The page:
Age 30. Head of School, Academy Hill School
Jake Giessman has always been a thinker. Now he’s a doer, too.
“I had intended to become a professor of philosophy,” he said, “but I think at some point in my education, I began to feel like I had answered a lot of the questions I had about life and the world, and I wanted to move toward a more practical task.”
Did he ever. When he and his wife moved from Missouri to Western Mass. in 2001, Giessman took a job teaching fifth and sixth grade at Academy Hill School, a Springfield-based facility for gifted children. He eventually spearheaded a campaign to expand upon the elementary-school program by adding a seventh and eighth grade as well, and by last year he had risen to the rank of head of school — all before age 30.
He qualified his use of the word “practical,” however. “Working in this school is not really a daily grind. We’re doing a lot of thinking and questioning, and the kids do that, too. But having this job has been an extraordinary opportunity for me to learn about business, organizational management, communications — things that hadn’t been part of my background. I’ve easily learned more in my time at Academy Hill than in all my formal studies.”
Giessman’s a big believer in private-school education in general, with its small class sizes and freedom from public policy and standardized testing, but especially proud of Academy Hill’s constituency. “We serve kids who are really good at learning and really motivated. It’s a building filled with adults and kids who are excited and skilled at the enterprise of education, and that in itself allows us to achieve more than even other independent schools.”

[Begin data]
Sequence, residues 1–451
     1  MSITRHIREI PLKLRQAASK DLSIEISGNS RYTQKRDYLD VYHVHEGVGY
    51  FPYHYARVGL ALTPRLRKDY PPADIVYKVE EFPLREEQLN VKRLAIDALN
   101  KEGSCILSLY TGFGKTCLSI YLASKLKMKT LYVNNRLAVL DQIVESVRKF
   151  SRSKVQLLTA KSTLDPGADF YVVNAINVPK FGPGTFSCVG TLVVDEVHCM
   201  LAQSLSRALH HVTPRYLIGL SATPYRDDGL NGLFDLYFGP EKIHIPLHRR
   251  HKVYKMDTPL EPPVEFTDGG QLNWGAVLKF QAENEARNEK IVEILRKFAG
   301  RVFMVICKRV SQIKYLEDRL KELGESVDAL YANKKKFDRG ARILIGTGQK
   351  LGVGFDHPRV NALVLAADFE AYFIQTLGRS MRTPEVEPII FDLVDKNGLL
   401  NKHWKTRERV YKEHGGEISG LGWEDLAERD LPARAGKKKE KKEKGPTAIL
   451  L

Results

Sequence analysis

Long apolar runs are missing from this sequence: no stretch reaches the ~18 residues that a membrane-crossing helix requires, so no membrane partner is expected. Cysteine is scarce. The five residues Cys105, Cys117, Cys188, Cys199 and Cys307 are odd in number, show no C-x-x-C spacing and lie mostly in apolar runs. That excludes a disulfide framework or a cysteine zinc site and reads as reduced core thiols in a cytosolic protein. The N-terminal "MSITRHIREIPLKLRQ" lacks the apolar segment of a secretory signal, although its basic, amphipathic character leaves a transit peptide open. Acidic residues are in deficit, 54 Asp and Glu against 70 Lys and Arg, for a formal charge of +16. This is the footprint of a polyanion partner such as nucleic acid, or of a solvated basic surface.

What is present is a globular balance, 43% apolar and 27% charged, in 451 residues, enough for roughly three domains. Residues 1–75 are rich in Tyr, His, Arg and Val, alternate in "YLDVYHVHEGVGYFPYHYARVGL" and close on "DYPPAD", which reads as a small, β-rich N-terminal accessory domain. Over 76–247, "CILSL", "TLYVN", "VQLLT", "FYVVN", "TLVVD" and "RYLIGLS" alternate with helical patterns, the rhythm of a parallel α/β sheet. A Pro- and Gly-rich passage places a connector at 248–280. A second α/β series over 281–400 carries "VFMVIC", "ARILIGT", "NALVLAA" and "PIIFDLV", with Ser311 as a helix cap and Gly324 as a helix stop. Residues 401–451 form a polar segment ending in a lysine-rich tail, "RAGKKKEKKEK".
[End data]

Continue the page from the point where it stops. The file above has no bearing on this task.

With degrees in Philosophy and Environmental Studies — the latter emphasizing policy and moral philosophy surrounding environmental issues — Giessman says he wanted an education that shaped his values and way of thinking about the world.
“There are thinkers, and there are doers,” he said. “At a very early age, I felt it was important to do my thinking before I started doing my doing. So many people start down career paths and at some point look back and realize they haven’t answered fundamental questions about their beliefs, goals, and values that drive them in their work life.”
Giessman isn’t saying he has all the answers. But if he needs any, he has plenty of smart kids to ask.